“It’s the craziest mind-trip for me to see my granddaughter on the hip of her mother, just like you were on my hip in the studio,” Linda Davis tells daughter Hillary Scott, referring to Eisele, the Lady Antebellum singer’s 3-year-old daughter with her husband, drummer Chris Tyrell.
For Davis, who shot to stardom duetting with Reba McEntire on the Grammy-winning 1993 hit, “Does He Love You,” “Take Your Daughter to Work Day” was less an annual event and more an accepted way of life, a life for which Scott would be well-prepared once she teamed with Charles Kelley and Dave Haywood as one of the most successful country-pop crossover acts of the past decade. During the group’s recent hiatus, Scott joined her mom, songwriter-musician dad Lang Scott – who played in Reba’s band while Davis was touring with her – and 16-year-old sister Rylee to make a record that would not only reinforce the family’s musical bond but also strengthen its already unshakeable spiritual core. Love Remains, a reverent, soulful collection of both new, original songs and classic hymns, builds upon the church music of Davis’s East Texas upbringing, her husband’s South Carolina roots and their daughters’ Nashville raising as the offspring of professional musicians.
Produced by Ricky Skaggs, Love Remains was inspired in part by Hillary’s grandfather, W. Scott Jr., and the outpouring of support from hundreds of family members, friends and others after his passing in 2011.
“He never met a stranger,” Scott says of the man she affectionately called Papaw. “All of those years in South Carolina and 20 years in Nashville, he made so many friends. Everybody knew him and he knew everybody’s story, their spouses’ names, their kids. As he fought leukemia, all of these people came out of the woodwork, old family friends, cousins, people he used to work with at the cement plant in South Carolina. They would write these words of encouragement, prayers and scripture. A couple of years after Papaw passed away, Dad found himself revisiting all of those journal entries and the people that had gone through and signed and walked us through that time. God really put it on Dad’s heart that we really need to do something to thank all those people. They would sit in the hospital with him and read him the comments. Then he would just go into a 20-minute story about that person and how much that person meant to him. It was just a very bright spot in a really dark time for us in that battle.”
Inspired by the many hymns that were referenced in the countless journal entries, the Scotts decided to record their thank-you gift. “I went away for a couple weeks and went out of the country with Lady Antebellum,” Hillary recalls. “I just started getting this stirring in my spirit about giving everybody a chance to hear this record. There are a lot of people searching for the same kind of answers we are. That was where it all started.”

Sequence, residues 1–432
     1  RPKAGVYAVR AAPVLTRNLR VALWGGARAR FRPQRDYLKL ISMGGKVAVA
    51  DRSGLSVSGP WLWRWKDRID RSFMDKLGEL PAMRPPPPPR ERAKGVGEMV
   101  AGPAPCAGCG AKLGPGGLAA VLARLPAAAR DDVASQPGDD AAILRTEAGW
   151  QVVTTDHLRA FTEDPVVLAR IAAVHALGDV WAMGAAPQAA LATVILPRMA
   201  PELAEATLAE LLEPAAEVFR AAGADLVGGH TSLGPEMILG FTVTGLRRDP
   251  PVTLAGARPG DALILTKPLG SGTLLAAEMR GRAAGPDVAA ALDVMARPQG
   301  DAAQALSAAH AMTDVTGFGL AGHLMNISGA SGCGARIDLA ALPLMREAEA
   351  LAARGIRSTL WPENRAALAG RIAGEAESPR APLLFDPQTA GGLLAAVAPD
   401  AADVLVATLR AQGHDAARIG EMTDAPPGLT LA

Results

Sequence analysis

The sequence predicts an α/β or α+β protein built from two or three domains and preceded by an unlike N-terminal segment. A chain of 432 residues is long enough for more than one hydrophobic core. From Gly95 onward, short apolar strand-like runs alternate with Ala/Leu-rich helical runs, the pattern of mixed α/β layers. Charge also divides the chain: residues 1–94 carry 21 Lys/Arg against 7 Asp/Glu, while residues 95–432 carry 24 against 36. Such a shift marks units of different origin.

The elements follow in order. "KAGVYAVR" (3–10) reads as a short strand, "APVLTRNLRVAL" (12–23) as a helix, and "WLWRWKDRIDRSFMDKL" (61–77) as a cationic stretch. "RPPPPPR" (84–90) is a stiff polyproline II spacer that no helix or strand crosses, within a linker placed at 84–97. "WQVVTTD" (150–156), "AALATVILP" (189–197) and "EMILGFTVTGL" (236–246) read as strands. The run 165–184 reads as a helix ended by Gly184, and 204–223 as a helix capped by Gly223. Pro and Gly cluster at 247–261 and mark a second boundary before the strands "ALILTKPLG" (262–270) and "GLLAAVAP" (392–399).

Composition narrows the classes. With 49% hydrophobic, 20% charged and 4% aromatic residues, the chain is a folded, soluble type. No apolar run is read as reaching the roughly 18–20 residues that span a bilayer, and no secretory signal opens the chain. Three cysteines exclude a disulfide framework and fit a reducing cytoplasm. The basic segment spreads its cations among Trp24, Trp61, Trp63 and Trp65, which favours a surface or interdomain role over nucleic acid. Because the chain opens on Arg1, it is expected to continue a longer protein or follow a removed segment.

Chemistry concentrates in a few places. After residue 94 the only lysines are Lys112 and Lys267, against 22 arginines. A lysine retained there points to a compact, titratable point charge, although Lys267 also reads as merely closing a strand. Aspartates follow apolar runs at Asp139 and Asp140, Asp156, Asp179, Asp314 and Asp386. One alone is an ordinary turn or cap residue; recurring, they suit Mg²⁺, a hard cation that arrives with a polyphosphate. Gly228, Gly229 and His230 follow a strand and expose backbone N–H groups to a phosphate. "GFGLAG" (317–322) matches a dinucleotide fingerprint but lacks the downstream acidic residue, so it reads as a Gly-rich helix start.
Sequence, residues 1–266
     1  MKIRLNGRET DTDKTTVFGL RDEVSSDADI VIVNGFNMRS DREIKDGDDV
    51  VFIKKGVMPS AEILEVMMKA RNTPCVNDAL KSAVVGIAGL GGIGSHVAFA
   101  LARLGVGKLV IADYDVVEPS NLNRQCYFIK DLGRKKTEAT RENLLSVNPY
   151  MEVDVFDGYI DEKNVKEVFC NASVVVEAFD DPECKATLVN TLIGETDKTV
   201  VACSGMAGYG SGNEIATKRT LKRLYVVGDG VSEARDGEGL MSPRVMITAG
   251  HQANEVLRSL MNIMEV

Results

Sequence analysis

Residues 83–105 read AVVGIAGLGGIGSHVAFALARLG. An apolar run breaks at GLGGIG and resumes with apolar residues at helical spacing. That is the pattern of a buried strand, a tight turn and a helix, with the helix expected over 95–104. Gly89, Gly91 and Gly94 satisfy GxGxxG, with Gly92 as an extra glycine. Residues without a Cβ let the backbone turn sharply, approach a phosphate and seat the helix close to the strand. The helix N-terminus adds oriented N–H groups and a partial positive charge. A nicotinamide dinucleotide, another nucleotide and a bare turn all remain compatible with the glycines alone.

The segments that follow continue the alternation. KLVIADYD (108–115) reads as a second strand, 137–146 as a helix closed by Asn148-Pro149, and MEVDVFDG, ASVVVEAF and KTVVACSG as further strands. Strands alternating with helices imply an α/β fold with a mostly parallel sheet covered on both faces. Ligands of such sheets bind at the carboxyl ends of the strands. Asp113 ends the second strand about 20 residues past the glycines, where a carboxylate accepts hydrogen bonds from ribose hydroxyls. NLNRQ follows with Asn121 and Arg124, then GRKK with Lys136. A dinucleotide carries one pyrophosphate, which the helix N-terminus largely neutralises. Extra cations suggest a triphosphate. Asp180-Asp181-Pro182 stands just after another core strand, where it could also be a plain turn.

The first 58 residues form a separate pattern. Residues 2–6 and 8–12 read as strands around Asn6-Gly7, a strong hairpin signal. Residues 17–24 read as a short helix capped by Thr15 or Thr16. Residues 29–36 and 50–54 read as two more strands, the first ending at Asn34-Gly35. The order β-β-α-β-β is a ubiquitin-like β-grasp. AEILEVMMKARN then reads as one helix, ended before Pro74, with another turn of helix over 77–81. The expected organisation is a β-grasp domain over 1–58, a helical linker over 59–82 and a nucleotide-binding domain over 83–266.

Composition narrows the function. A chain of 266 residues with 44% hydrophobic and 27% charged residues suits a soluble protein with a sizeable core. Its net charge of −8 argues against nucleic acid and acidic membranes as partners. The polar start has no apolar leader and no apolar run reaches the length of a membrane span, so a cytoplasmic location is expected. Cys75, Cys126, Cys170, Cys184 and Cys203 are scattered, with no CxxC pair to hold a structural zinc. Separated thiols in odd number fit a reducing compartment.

A sweet, powerful celebration of faith and family harmony, Love Remains is grounded in love and good humor, two things that were in great supply when Rolling Stone Country sat in on a candid, poignant and laughter-filled conversation between Scott and Davis, during which the mother and daughter shared surprising family secrets, recollections of their rebellious pasts and how they turned Ricky Skaggs into a whistle-blower.
Scott: The first memory I have of being onstage with you is singing “Amazing Grace” at a show. Gospel music was in our house all the time. It was “Amazing Grace,” “I’ll Fly Away.” All the ones that we know but also the Texas Baptist hymnal that you brought up from East Texas to Nashville.
Davis: “Turn Your Eyes Upon Jesus.” That was one of the ones from our hymn book from the East Texas Baptist Missionary Church. It was maroon. I played piano at the house, so I’d be banging out a song on the piano and you’d be sitting on the bench next to me. You could hold the melody and we would sing parts around you. That was just the most fun thing for me because I’ve always admired family harmony. I was thinking, “This little thing can hold her part and we can make three-part harmony like the Gatlins and the Whites.” Little did I know you would grow up to become the artist that you are. Your musical journey has been one that we never saw coming. Now, Rylee Jean is falling in love with music… it just makes it so much fun.
Scott: The tone of her voice… you just want to be friends with her. [Laughs]
Davis: You’re right! It’s youthful but yet kind of old soul all at the same time. The neat thing about you girls is when you sing together it’s like you cancel each other out. Your tones are so similar.
Scott: I remember singing “Turn Your Eyes Upon Jesus,” in our little makeshift studio in the guest room. It was such an interesting way to grow up. You would take me to demo sessions when I was an infant… [Davis pats her stomach and grins, saying, “And before!”] The studio environment, the mics and wires and speakers and headphones, that’s just been my normal; I would hop in that makeshift studio and just sing for fun. You would let me have some playtime in there, which was awesome.
Davis: Do you remember when you had something going on at school? You were going to have a song be a part of some event and you brought three or four of your friends over? Everybody had on their little earphones and sang together. Well, fast-forward however many years and Rylee Jean just about a month ago had her first guitar pull at the house. We all sat around, set the microphones up, she kind of hosted it. We’ve done that your whole lives, but she took it on.
Scott: Kind of like passing the torch.
Davis: Aunt JoAnn, when I was little-bitty she would come visit from Longview, about an hour away. She’d come wake me up, because the upright piano was in my bedroom, and have me sing “Give Me That Old Time Religion” or “Bad, Bad Leroy Brown.” I liked that one because I was a rebel. [Laughs]
Scott: Aunt JoAnn was practice for early morning TV or radio performances even way back then!
Davis: Totally. She doesn’t know how much good she did for me.
Scott: By waking you up at the crack of dawn.